[Segue: I guess the World Food Awards is a pretty big deal in its native United Kingdom. Here’s their website: looks like a fun party.]
Anyway, this whole situation broke [for me] last month when I started getting a bunch of emails from other wine writers (mainly in Canada and the U.K.). They were complaining that Natalie was doing some pretty bad things: quoting wine reviews from third-party critics (like me) on her website, without identifying us, and “offering wine reviews in return for website subscriptions,” in Decanter’s words.
Among the critics named in various sources as those from whom Natalie “borrowed” reviews, besides myself, are Harvey Steiman, Jancis Robinson, Allen Meadows AKA Burghound, Bruce Sanderson, Rosemary George, James Suckling, Robert Parker, Antonio Galloni, Jamie Goode, my colleague Roger Voss, James Halliday, Steven Tanzer and many others. In other words, Natalie helped herself to a great heaping platter of savories.
This whole episode has alarmed a large segment of the wine critic community, particularly in Canada and England. Palate Press jumped onto the story early, on Dec. 15 publishing this story, whose bullet point is “[Natalie’s] reviews sometimes include the writer’s name, but never the publication or a link.” This became the central complaint against Natalie: that she was expropriating third party reviews without permission or citation. I did check this out at MacLean’s website and verified for myself that she was using some of my reviews without identifying me. Jancis Robinson was one of the first to ask that Natalie remove all of her [Jancis’s] reviews from the site. Natalie felt the heat: on Dec. 22, she emailed Jancis (I was cc’d): “Hi Jancis, I have removed almost all of your reviews on my site and should be finished well before your deadline. At the same time, I’ve have been revising the way I quote the reviews that remain to full names and publications…”. As far as I can tell, my reviews still remain on Natalie’s site, but they now contain my full name as well as the name of Wine Enthusiast (although it would be nice if Natalie included a link along with the publication’s name).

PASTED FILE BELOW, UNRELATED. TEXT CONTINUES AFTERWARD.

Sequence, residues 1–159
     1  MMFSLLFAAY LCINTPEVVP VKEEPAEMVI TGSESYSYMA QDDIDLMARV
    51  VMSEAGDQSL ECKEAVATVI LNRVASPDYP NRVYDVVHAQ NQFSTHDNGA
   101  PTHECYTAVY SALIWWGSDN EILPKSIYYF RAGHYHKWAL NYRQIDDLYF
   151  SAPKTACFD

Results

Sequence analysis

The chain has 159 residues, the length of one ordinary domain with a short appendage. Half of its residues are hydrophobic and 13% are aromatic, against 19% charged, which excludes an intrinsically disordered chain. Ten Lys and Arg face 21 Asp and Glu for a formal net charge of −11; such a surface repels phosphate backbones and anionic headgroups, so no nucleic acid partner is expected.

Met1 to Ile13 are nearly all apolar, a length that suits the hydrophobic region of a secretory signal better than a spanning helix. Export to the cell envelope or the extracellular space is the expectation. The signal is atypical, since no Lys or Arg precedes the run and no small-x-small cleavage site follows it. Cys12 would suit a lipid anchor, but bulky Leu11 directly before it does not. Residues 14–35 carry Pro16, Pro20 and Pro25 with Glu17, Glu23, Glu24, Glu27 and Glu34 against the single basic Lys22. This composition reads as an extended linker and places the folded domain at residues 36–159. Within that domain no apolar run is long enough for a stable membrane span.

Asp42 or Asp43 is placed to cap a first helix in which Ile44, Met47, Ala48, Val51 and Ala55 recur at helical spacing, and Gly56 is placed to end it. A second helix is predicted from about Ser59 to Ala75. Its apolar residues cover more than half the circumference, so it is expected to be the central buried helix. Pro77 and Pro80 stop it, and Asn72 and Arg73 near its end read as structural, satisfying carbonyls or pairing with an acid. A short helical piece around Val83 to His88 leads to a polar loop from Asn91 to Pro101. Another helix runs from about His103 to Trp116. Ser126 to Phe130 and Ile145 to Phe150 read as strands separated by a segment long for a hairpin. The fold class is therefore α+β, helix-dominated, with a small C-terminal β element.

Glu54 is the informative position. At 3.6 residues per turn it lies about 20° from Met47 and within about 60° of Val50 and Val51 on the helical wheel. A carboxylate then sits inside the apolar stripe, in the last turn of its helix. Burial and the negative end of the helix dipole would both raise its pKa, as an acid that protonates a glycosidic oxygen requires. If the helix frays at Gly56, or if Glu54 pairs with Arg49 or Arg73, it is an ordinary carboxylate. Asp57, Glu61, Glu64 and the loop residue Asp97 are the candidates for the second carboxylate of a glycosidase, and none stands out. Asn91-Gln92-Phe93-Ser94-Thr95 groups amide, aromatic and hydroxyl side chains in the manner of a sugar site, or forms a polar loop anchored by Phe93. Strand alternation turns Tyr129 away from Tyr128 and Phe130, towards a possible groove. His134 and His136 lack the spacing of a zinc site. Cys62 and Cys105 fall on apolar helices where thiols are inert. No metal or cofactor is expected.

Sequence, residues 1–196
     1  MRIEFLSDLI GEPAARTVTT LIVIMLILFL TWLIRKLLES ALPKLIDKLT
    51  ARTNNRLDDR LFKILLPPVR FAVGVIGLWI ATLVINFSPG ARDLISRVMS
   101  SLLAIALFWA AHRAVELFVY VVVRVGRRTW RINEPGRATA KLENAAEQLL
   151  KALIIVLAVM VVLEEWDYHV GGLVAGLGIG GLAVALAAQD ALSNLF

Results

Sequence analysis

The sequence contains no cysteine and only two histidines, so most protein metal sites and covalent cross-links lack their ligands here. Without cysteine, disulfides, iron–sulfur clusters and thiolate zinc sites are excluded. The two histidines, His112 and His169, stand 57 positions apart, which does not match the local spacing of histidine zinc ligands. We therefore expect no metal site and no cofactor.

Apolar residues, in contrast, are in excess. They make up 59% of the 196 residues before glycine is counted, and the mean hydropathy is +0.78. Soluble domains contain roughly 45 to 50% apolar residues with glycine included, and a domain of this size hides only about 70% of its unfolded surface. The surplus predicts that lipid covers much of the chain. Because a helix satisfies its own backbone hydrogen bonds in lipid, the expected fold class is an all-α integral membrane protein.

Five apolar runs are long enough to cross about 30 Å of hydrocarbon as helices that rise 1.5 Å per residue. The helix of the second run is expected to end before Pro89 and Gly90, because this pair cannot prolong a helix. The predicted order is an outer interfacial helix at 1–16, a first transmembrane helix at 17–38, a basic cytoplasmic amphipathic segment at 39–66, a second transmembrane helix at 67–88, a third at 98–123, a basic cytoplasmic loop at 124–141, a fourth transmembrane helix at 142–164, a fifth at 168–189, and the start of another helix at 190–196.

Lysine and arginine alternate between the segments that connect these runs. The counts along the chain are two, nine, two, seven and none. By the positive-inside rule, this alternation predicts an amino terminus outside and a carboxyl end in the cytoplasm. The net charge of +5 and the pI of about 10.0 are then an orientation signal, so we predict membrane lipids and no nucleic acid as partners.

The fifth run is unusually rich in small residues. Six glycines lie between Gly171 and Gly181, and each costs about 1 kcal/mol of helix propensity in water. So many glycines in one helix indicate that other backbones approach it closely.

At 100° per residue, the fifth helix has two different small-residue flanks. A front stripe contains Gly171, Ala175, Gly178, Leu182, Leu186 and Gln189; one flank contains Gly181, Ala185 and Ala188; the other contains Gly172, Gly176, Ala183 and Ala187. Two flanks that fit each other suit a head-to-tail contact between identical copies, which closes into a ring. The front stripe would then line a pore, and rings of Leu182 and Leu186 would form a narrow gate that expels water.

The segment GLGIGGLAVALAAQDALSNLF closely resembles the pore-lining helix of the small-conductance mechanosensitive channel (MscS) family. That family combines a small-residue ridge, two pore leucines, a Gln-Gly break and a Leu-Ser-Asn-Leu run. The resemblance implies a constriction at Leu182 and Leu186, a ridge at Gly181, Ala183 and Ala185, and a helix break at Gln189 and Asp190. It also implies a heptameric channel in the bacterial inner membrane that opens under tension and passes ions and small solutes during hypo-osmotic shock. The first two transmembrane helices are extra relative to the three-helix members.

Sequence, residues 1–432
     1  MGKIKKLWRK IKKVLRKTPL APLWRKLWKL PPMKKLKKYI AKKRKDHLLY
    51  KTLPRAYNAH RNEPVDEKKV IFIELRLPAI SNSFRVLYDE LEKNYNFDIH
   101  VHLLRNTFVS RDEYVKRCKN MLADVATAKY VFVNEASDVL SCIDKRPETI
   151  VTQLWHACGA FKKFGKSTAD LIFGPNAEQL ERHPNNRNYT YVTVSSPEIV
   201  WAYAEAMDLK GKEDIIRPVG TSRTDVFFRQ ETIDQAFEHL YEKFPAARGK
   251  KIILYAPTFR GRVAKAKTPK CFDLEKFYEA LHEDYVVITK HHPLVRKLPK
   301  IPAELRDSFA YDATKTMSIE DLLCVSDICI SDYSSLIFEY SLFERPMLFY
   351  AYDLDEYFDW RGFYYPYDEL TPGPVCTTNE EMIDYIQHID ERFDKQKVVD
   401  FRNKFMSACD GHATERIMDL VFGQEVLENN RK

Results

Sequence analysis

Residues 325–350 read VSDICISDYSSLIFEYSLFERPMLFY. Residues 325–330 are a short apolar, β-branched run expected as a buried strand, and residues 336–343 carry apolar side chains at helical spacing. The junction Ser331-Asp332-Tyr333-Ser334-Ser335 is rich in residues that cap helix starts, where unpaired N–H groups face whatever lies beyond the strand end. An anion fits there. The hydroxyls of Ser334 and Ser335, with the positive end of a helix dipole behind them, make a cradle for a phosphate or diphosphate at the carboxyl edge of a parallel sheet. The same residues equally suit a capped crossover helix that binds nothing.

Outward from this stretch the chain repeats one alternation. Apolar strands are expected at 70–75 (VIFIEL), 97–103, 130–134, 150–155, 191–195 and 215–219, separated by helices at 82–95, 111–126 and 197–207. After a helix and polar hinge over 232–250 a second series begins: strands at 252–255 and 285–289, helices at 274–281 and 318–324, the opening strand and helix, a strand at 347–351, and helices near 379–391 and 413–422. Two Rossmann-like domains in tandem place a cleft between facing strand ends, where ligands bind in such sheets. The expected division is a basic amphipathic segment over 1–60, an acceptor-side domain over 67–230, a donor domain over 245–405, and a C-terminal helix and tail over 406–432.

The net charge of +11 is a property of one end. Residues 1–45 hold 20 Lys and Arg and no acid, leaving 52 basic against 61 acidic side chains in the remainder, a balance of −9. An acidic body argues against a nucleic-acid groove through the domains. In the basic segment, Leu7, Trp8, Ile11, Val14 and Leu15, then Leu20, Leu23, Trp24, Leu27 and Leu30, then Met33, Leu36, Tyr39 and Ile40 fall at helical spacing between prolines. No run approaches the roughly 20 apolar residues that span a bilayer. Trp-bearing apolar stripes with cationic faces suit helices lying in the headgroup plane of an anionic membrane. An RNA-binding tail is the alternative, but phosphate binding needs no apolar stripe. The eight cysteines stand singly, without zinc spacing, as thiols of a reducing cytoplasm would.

The day before, Dec. 21, Natalie posted “A Letter to my Readers about My Wine Reviews,” in which she expressed some dismay over “the recent debate on quoting third-party wine reviews.” “I didn’t realize that there was an issue,” Natalie explained, since she’d been quoting third-party critics “for years” without attribution, and no one ever complained. Moreover, “my own reviews have been quoted on other wine sites and no one has ever contacted me to ask permission.” The Letter ended with a mild mea culpa. “I feel awful that some writers think that I would try to make their reviews look like my own.” It also generated a ton of reader comments.
So where are we now? Some people still are calling for Natalie’s head. I got an email on Jan. 2 from a guy named Rod Phillips, also sent to all the other involved critics, asking us to “sign a letter to Natalie MacLean, instructing her to remove your reviews from her site and forbidding her use of your reviews in future.” I don’t know Rod; he describes himself as a “wine historian and wine writer” from Ottawa.